User access management is one of those maintenance activities that’s good for you, but that few do well. Like cleaning out your garage, you know there’s an overwhelming mess waiting for you, with no good way of tackling the chore. It’s going to take more time and energy than it should.
Unlike cleaning out the garage, you can get in trouble with your Assessor (and dramatically increase risk to the organization) if you don’t keep up with user access management on a regular basis. Almost every certification requires you to go through and validate the user accounts in your system.
Validation involves going through your centralized repository and reviewing the full list of all users that are currently in your central authentication system. If your user access list looks like my garage, you have your work cut out for you.
But you can calm the chaos. Here’s how.
Getting User Access Management Under Control
Each account should have a description that succinctly explains what type of account it is and why it’s there. If this is your first time doing this, the list of user accounts is going to be an awful mess. It won’t be organized, most accounts won’t be labeled, and you won’t know what the hell this or that account is for.
What you want is a nicely ordered, organized list of accounts so you know exactly what they’re associated with and why they exist in your system. Having a nicely ordered list of accounts makes it immeasurably easier to validate the user accounts efficiently.
The first step in reviewing your user accounts is to organize them. Usually, I split the accounts into three different groups to make it easier to track them. I recommend the following categories:
- User accounts
- Vendor accounts
- System accounts
As you set up new users, maintain the nomenclature consistency so your list stays nicely organized.
Next, add a description for each account, so you know what it is and where it belongs. Use a standardized nomenclature. Every organization does it in a way that makes sense for them. The important thing is to be sure your descriptions are consistent with each other. For example, you might do something like this:
- For internal user accounts: USER: [YOUR ORGANIZATION NAME]
- For vendor user accounts: VENDOR USER: [VENDOR NAME]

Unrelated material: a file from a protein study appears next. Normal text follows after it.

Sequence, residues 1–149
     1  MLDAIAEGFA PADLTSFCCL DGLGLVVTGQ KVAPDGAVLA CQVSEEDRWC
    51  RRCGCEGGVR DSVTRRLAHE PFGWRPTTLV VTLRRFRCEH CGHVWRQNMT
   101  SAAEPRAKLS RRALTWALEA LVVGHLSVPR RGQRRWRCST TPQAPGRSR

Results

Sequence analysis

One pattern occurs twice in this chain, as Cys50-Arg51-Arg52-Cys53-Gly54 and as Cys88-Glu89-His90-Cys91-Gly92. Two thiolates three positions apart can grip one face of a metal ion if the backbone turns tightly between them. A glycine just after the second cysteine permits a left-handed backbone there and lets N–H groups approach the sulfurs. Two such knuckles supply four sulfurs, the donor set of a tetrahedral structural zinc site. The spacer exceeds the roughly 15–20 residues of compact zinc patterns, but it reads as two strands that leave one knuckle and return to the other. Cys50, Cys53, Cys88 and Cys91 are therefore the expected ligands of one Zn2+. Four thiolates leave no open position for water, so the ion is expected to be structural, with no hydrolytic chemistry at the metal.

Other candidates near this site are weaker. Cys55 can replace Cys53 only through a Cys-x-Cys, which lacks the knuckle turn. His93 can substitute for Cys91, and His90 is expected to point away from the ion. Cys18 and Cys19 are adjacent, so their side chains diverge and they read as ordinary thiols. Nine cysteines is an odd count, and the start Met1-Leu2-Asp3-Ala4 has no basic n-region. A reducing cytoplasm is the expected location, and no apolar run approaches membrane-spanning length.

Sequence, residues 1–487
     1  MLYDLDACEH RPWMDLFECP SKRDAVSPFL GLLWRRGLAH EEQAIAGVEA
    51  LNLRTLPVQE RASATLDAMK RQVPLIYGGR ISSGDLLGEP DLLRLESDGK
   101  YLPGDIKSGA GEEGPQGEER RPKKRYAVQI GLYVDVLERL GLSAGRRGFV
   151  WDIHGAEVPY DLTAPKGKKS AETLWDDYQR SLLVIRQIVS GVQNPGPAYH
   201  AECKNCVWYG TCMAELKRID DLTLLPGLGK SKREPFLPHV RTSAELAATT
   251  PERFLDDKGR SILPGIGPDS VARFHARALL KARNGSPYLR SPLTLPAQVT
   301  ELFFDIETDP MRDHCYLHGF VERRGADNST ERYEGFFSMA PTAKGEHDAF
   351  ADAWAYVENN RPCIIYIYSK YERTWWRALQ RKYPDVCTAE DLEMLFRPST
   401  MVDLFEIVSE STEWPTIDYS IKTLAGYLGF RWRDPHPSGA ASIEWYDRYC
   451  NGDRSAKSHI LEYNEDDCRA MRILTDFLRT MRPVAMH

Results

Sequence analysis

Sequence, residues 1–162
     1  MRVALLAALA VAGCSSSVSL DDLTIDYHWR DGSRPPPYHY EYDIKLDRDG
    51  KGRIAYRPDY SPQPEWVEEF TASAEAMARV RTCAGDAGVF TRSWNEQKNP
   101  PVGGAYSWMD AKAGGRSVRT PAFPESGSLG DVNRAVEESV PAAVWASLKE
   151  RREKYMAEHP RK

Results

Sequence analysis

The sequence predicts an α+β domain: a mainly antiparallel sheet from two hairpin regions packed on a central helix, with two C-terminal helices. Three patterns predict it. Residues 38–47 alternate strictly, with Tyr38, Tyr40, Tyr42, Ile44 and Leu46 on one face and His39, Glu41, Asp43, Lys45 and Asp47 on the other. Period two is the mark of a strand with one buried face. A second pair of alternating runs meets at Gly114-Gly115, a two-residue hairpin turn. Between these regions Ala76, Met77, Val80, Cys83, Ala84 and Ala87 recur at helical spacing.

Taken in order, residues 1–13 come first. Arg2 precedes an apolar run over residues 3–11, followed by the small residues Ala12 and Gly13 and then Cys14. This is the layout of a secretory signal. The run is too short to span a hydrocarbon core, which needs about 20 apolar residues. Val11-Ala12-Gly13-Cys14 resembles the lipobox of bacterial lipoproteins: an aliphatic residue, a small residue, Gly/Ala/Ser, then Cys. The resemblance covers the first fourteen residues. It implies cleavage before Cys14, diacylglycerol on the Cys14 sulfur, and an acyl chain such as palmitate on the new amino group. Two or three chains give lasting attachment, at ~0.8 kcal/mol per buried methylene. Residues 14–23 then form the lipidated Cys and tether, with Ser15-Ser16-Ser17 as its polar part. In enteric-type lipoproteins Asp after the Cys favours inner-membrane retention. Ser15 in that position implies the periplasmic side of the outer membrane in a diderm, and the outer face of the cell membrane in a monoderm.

- For service accounts: SERVICE ACCOUNT: [SERVICE AND PURPOSE]
Once you’ve organized your lists, the review process itself is fairly straightforward. Go through each of the segmented account groups and systematically review each list of users. I extract the lists and review specific key fields.
Here’s how I approach the review of each of the user account types.
Auditing Internal User Accounts
First, look at all the enabled user accounts. Each user should have their own named user account. As you’re reviewing your internal user accounts, ask the following questions:
- Should all of the enabled accounts be enabled? Should any of them be disabled? Look for terminated employees or interns who have moved on. You shouldn’t have enabled user accounts that are no longer needed.
- When does the password expire? Make sure all passwords expire, and that they have the same expiration period in accordance with the standards your organization maintains (PCI DSS requires 90 days or less).
- Are there any expired passwords? If so, follow up to see if the user still needs the account. If not, it should be disabled.
- When was the last login? If a user has never logged in, or hasn’t logged in for a long time, they may not need the account anymore.
- Are there any accounts that aren’t allocated to specific people? User accounts should be allocated to specific individuals. If you see an account labeled something like developer or internal_admin, dig a little deeper to see who is using that account and for what purpose.
- Are there multiple accounts for the same person — for example, bob.smith and bob.smith_a, or maryjones and maryjones1? There could be a legitimate reason for multiple accounts, but it could also be a sign that you have a bad actor in your system.